Weird Nature

The Most Powerful Volcanic Eruptions in Earth's History

Volcanic eruptions as we know them today have a place in our lore as terrifyingly powerful acts of nature. Gods have been made of them and cultural touchstones built around them. They remain a disaster that we can do nothing to prevent and can only try to avoid. That said, the volcanoes of human recorded history have literally nothing on the volcanoes of earth's past. They are tiny pimples in comparison to the planet-changing, climate-destroying, extinction-event-triggering behemoths we have evidence of in the geologic record. Geologists categorize these monsters as Mega Colossal and the public calls them supervolcanoes. This list captures some of the largest, most powerful explosive eruptions on the planet, not necessarily the largest or the most volume of ejecta. The Deccan traps are not on this list, for example, because they were not explosive in nature despite the fact they erupted for longer and covered more landmass than some of the explosive events.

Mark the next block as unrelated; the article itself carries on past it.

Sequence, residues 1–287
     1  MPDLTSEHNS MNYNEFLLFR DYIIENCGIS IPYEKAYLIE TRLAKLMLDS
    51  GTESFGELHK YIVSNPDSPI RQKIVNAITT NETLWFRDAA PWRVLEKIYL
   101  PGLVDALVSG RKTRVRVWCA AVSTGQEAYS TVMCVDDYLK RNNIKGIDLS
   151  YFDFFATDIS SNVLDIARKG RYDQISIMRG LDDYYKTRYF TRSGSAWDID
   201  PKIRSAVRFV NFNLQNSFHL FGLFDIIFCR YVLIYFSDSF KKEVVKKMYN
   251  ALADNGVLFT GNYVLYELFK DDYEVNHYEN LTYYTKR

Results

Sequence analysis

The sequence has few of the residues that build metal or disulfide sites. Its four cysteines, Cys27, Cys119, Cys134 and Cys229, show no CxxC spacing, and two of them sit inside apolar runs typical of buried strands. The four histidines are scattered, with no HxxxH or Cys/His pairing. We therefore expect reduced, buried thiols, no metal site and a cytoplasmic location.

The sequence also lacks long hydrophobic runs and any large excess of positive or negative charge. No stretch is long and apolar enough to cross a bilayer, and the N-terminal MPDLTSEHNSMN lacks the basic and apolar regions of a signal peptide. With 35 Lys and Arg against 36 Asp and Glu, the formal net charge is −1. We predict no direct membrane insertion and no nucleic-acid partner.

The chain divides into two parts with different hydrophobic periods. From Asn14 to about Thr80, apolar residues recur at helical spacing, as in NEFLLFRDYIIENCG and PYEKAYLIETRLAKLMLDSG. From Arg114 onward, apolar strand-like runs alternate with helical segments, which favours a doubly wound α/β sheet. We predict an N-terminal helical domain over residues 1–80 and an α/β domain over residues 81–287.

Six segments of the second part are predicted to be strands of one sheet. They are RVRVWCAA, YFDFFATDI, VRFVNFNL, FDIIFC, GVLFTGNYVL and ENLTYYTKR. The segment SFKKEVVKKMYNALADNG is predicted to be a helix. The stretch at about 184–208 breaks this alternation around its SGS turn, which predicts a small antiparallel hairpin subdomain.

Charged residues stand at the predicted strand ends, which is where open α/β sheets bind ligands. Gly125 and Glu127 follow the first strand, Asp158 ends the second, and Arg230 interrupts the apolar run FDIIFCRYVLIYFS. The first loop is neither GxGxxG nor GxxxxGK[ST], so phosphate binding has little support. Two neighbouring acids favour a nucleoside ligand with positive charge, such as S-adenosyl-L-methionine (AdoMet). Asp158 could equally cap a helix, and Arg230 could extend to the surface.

These eruptions are all classified as VEI 8, the most cataclysmic you can get. Explosive volcanic eruptions are classified using the Volcanic Explosivity Index, or VEI. It is a logarithmic scale, which means that an increase of one in VEI number is equivalent to a tenfold increase in volume of erupted material. The VEI scale does not distinguish between different types of volcanic ejecta ( ash, lava, ignimbrite), only power. On this scale, VEI 8 eruptions are so cataclysmic that they often form deep circular calderas rather than cones because the downward withdrawal of magma causes the overlying rock mass to collapse into the empty magma chamber beneath it. To give a sense of the VEI scale, St. Helens was a 5. This is a list of the largest, most earth-shaking events in the planet's history - best as we can tell. Let's all hope that there are no new VEI 8s to add to this list any time soon.

The boundaries in the imagery with each entry are as approximate as can be determined from the geologic record.

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